Husic convenes five industry roundtables on skills challenges

James Riley
Editorial Director

Federal Industry minister Ed Husic will this week host five invitation-only industry roundtables to discuss challenges posed by skilled labour shortages ahead of Prime Minister Anthony Albanese’s Jobs and Skills Summit to be held at Parliament House in the first week of September.

Mr Husic will host two roundtables on Wednesday, one focused on Digital and Tech Skills and the other on Science and Commercialisation. He will host two on Thursday, with the first focused on Advanced Manufacturing and the other meeting with Industrial Unions.

A final roundtable is scheduled for Friday focused on Artificial Intelligence.

While each roundtable is expected to have around 30 participants, the Ministers office has not made its invitation list public.

The Industry and Science Minister’s focus on cross-industry skills shortages comes as reports on Sunday suggested government is readying a plan to lift the annual migration cap from its current ceiling of 160,000 to 180,000 or even 200,000 as a short to medium-term measure.

Industry secretary Meghan Quinn with Minister Ed Husic

Mr Husic has also asked Australia’s Chief Scientist Dr Cathy Foley to raise jobs growth and skills development at her regular forums ahead of the September summit.

“Access to skilled labour is now one of the biggest challenges to Australia’s productivity and competitiveness,” Mr Husic said. “There is a shortage of skilled workers across most industries and it is essential that we meet the challenge of supplying the people our nation needs.

“At these roundtables industry leaders will be able to share their ideas, difficulties and aspirations on how the government can work with them to find solutions.”

He said discussion at the roundtables would include job opportunities in the industries of the future, the skills that would be in demand, as well as the challenges in attracting and retaining skilled workers.

Mr Husic has maintained since before the election that skills challenges would need to be addresses through a mix of investing in training Australians as a priority, with a skills migration helping to fill gaps.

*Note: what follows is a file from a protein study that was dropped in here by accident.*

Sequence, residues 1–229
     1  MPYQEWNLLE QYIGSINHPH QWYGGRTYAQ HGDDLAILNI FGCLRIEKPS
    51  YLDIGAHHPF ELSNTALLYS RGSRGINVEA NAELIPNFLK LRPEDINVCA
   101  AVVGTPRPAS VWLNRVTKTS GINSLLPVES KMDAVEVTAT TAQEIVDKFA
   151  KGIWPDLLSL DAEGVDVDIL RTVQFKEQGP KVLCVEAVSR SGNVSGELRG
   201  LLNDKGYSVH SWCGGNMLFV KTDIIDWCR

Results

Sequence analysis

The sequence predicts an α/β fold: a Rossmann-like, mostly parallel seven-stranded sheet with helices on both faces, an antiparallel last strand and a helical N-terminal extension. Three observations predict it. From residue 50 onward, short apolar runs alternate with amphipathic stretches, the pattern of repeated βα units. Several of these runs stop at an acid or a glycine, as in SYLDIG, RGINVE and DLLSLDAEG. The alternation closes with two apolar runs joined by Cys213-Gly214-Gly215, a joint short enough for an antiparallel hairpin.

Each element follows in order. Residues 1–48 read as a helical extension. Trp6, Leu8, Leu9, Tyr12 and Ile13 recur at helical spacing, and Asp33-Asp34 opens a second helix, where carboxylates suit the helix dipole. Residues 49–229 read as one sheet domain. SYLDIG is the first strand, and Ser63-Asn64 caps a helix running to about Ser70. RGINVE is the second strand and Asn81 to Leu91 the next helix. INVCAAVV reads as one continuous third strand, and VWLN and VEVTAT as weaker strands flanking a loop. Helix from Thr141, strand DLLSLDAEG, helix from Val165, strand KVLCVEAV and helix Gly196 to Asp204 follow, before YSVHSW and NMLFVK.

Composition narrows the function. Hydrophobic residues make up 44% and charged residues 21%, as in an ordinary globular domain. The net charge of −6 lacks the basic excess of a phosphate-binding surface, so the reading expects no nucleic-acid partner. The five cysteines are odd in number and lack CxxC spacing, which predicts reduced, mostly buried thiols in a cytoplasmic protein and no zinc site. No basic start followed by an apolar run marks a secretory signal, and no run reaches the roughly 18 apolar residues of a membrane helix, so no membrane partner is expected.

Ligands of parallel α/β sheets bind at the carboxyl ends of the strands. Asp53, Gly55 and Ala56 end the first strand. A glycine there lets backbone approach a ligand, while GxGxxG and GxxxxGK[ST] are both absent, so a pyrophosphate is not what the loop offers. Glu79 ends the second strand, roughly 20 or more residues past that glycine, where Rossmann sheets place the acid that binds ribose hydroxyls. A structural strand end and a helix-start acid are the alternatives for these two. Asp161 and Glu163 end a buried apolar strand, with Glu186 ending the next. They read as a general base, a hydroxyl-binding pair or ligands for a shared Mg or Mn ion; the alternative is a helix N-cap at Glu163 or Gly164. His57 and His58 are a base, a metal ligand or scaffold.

“While the priority will be the education and training of the domestic workforce – for young Australians and for workers seeking new careers – managing appropriate skilled migration will also have an important role to play and will be on the agenda,” Mr Husic said.

“One of my priorities is on ‘brain regain’ – encouraging Australian researchers and innovators to return home. I am interested to hear ideas on how this can be best achieved,” he said.

“The Albanese Government aims to create a sense of national purpose in our industrial development, with governments, industry and researchers working together, supported by the Australian people.”

Skills and Training minister Brendan O’Connor told a press conference in Melbourne on Sunday that skilled migration would play an immediate role in addressing shortage, but would not put a number of the skilled migration cap.

“We also, of course, will rely upon temporary visa and permanent skilled migration paths. But it’s never been one or the other. It’s not a binary choice,” Mr O’Connor said.

“It is an investment in our labour market, our Australian workforce, to develop the skills that are in demand. And that is complemented by of course, temporary and permanent skilled migration,” he said.

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  1. I am affraid that it is not going to work. The intention is great but the execution is a disaster.
    It would be better to used a methodology called OPEN SPACE TECHNOLOGY which is a group decision making process originated by Harrison Owen who states “that OST is effective where a diverse group of people must deal with complex and potentionally conflicting material in innovative and productive ways.”
    Intention in this case is excellent but the methodology is flawed and a disarter in waiting.

  2. Canberra Sim 2 years ago

    It’s fairly simple – provide the training and education at no cost. A university degree or postgraduate qualification is crippling expensive and when you have a family it’s almost impossible to reskill. I can bet if they funnelled some of the money spent on these round table discussions into supported and fully paid courses with guaranteed jobs then there’d be lots of people wanting to get into them. The skills gap issues are then moved into another sector.

    • Wayne Chamley 2 years ago

      If advanced engineering is to be expanded and progressed, then government policy has to back specific and needed winners. This is anathema to university vice-chancellors. They continue to occupy the turf of “sandstones” versus the rest. This group (the Flintstones) are wanting to monopolise the future micro- credentialing market.

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